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Tent Caterpillars Setting Up Camp In Parts Of Area

(Photo Credit: KDKA)

(Photo Credit: KDKA)

Mary Robb Jackson Mary Robb Jackson
Mary Robb Jackson joined KDKA-TV as a general assignment reporter in...
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PITTSBURGH (KDKA) – A lot of kids are familiar with the tale of transformation in Eric Carle’s children’s classic “The Very Hungry Caterpillar.”

That charming story has little to with “malasoma americanus,” also known as the eastern tent caterpillar. And, we may be looking at a bumper crop this year.

“It may be the cyclical nature of the bug and how they breed,” says Paul Hauber, of the McMurray Nursery. “It was a really hard winter, so you’d think that the tent worms had actually died over the winter. But we’re seeing a lot of them on like fruit trees or crabapple trees.”

Each female lays 200 to 300 eggs at a time. Then, the newly-hatched caterpillars spin their silken tents, and they are hungry chomping down three square meals a day – morning, noon and night.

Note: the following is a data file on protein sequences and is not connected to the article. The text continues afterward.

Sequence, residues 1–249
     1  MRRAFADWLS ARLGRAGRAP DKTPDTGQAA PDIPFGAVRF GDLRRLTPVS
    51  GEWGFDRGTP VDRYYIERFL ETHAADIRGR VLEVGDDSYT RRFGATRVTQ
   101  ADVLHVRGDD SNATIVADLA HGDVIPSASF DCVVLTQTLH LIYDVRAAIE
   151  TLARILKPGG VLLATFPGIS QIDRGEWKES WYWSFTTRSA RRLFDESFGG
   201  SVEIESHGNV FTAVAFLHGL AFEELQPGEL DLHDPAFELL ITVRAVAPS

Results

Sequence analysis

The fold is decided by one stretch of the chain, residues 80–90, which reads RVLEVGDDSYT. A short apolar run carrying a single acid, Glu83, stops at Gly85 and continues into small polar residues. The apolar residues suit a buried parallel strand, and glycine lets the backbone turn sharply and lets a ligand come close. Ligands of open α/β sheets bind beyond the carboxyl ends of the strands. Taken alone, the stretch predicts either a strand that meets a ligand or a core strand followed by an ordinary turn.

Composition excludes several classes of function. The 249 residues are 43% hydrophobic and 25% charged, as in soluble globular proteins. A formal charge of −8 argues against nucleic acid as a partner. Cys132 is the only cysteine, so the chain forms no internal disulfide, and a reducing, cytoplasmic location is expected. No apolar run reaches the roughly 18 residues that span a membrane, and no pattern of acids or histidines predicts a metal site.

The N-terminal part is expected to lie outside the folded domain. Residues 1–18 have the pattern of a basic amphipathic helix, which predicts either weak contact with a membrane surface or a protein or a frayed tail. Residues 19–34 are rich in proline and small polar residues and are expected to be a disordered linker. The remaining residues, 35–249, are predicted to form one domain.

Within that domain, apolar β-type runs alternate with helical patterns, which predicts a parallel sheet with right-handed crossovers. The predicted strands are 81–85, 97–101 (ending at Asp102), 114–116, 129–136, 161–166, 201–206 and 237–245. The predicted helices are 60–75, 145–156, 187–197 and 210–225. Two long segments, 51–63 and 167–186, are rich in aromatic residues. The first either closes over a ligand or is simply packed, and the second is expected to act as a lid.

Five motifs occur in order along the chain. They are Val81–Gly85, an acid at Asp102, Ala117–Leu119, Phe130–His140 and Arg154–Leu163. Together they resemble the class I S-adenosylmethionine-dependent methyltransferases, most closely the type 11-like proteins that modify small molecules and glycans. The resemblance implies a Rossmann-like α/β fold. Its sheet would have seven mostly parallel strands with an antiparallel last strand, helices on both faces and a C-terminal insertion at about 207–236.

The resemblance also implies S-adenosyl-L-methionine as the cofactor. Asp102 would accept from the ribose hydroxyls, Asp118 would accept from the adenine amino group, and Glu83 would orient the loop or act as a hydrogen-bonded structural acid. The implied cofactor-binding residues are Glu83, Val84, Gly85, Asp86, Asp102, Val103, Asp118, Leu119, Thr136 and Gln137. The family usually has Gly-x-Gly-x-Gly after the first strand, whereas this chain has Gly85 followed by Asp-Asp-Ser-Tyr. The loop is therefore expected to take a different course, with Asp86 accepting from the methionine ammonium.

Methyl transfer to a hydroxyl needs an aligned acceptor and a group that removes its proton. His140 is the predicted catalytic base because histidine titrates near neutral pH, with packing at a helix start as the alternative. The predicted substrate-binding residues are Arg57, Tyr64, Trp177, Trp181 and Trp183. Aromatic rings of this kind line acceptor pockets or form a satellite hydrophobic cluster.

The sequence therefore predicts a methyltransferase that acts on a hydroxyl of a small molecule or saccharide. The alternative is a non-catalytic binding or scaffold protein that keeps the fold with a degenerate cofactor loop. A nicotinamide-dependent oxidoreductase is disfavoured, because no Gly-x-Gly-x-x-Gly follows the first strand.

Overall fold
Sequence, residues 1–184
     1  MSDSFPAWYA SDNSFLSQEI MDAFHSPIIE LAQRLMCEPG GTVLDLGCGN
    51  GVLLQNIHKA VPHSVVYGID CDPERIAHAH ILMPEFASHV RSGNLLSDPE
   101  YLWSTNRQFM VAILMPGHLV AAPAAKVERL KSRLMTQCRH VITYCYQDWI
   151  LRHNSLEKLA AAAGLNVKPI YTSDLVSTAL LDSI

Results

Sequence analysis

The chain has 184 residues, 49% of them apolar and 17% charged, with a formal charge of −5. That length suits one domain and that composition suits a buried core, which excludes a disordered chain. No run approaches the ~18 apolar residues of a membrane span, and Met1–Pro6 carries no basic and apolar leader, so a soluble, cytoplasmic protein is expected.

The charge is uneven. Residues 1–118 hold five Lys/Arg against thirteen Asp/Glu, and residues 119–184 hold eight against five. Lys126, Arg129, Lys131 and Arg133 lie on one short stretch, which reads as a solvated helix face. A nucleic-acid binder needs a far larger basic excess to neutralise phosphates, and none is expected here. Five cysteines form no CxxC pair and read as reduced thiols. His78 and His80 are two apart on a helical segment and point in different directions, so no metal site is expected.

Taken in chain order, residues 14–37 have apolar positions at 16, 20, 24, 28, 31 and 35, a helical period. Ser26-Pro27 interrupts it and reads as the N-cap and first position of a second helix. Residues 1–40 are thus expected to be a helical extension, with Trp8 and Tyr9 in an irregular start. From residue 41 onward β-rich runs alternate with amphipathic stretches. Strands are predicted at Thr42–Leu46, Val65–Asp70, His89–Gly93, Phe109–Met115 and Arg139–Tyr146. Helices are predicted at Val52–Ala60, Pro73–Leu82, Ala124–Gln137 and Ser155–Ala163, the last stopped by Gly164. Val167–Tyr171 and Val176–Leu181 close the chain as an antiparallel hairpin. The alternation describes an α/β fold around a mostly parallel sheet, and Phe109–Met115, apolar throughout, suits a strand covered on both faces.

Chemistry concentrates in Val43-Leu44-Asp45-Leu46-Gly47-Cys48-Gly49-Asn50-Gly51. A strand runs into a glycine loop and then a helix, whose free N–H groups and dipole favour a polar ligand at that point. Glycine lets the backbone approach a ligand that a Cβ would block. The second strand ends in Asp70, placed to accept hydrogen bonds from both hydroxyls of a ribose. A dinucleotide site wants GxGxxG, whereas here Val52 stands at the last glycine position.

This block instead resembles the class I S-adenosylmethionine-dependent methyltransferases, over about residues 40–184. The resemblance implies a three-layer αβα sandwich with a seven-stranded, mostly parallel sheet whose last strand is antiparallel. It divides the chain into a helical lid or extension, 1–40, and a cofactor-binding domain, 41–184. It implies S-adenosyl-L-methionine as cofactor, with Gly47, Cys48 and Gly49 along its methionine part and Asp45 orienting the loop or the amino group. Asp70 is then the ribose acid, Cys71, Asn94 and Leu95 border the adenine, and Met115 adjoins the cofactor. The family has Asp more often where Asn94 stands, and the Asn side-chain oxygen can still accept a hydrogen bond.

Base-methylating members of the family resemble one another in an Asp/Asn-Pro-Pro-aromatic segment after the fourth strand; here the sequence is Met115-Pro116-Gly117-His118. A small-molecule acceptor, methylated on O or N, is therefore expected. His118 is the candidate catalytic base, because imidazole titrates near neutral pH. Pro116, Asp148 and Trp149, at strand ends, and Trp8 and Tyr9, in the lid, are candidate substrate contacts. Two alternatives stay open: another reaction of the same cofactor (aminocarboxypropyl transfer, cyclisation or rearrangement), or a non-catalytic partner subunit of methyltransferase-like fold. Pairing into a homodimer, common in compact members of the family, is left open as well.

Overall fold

Tent caterpillars eat the leaves where they build their tents, but don’t travel much.

The foliage grows back.

“They’re ugly, they’re horrible, but they don’t cause a lot of damage and they’re real easy to get rid of,” says Hauber.

They are a couple of ways to do that – one is green and the other not so much.

“That’s the gross part,” Hauber says. “You have to actually… you can do it the nice, natural way and peel the tents off and drop them in a soapy water solution.”

Or, you can go to the local hardware store for an insecticidal spray.

“And if you spray them with insecticidal spray, they’ll be gone the next day,” Hauber adds.

If all else fails.

“Just enjoy the spring,” he says.

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